Photobucket - Video and Image Hosting...Photobucket - Video and Image Hosting

Photobucket - Video and Image Hosting...Photobucket - Video and Image Hosting

Two Views on Iran: Religious/Historical & Political/Secular--Which is Correct? You Decide

A very insightful interview with Princeton Professor Dr. Bernard Lewis (w/summary quotes at Hugh Hewitt) gives valuable background for understanding the Muslim world in general and Iran in particular. The conclusions are not encouraging. Excerpt:
We think of the defeat and collapse of the Soviet Union as a Western victory in the Cold War, and some of us credit President Reagan more particularly with that victory. For Osama bin Laden and his followers, this was a Muslim victory in the jihad. And if one looks at what actually happened, this is not an implausible interpretation. It was, after all, the Taliban in Afghanistan that drove the Red Army to defeat and collapse. And, as he put it, "We have now dealt successfully with the more deadly, the more dangerous of the two infidel powers. Dealing with the soft, pampered, and degenerate Americans will be easy."

In order to understand what is going on, one has to see the ongoing struggle within this larger perspective of the millennial struggle between the rival religions now, according to this view, in its final phase.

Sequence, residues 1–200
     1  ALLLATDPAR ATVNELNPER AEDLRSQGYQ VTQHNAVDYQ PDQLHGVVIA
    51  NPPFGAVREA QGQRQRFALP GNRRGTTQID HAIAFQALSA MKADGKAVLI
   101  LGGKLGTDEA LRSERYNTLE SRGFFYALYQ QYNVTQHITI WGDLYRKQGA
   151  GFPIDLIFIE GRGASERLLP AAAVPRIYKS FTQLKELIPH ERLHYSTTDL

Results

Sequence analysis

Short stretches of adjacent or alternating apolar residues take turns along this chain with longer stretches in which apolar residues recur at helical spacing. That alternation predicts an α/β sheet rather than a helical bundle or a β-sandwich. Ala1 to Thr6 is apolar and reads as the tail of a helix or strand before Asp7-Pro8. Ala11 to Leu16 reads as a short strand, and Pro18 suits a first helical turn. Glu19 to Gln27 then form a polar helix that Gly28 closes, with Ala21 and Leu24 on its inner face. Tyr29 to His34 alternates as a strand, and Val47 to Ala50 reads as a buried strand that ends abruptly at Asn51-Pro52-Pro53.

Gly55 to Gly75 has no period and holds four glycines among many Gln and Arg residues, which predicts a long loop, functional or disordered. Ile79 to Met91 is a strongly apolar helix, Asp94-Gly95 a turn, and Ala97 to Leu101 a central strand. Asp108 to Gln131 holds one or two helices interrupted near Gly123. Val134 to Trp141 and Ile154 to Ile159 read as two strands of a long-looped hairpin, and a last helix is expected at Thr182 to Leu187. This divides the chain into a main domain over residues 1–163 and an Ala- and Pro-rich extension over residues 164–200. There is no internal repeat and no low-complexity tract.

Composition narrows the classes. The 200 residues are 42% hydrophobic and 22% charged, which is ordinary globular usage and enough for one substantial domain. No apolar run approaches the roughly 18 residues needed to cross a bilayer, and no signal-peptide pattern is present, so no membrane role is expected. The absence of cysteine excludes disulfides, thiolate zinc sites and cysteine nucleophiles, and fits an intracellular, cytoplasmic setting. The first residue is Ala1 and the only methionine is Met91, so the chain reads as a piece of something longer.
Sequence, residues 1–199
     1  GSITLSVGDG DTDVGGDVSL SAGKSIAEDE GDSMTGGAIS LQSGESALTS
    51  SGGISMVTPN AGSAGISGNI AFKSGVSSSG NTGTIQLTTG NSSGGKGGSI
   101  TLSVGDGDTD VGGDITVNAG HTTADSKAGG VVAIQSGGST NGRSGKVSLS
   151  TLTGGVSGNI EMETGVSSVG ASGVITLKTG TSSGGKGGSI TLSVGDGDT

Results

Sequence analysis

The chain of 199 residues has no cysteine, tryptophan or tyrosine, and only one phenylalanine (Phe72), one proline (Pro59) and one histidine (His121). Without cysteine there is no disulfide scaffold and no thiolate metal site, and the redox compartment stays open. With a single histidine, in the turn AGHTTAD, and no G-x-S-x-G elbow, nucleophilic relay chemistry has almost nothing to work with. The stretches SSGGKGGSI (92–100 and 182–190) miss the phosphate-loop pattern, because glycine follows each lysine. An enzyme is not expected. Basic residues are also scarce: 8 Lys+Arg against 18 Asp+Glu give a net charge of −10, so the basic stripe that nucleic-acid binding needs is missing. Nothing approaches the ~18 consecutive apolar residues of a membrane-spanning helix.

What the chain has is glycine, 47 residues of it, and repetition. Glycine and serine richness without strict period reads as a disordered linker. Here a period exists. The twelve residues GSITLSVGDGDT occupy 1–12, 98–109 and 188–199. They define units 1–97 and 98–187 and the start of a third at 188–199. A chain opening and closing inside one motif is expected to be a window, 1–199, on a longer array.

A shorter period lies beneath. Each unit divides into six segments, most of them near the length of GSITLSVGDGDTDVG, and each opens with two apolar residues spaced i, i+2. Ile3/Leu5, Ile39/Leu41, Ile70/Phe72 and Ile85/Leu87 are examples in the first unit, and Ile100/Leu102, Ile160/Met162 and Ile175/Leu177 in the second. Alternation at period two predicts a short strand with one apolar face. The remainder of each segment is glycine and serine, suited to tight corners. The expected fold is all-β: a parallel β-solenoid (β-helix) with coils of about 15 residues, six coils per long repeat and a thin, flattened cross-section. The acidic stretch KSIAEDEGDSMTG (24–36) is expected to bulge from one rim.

Let us turn to the Shi'a equivalent of this through the Iranian revolution . . .
On the other hand we have this exquisitely written description of an Iran blowing hot air, bluffing its way to power even as it begins to collapse from within. For J.R. Dunn and The American Thinker the best response to Iran is . . . to do nothing and let Iran hang itself on its own rope. Excerpt:
So what are they up to? Readers of this site will not be unaware of the contention that the entire business is a bluff, one designed to repel international interference until a nuclear weapon is in hand and Iran can move up a weight class into regional superpower status. But recent developments have raised yet another possibility: Iran may also be hoping to deliver a stinging humiliation to the U.S. without a shot being fired.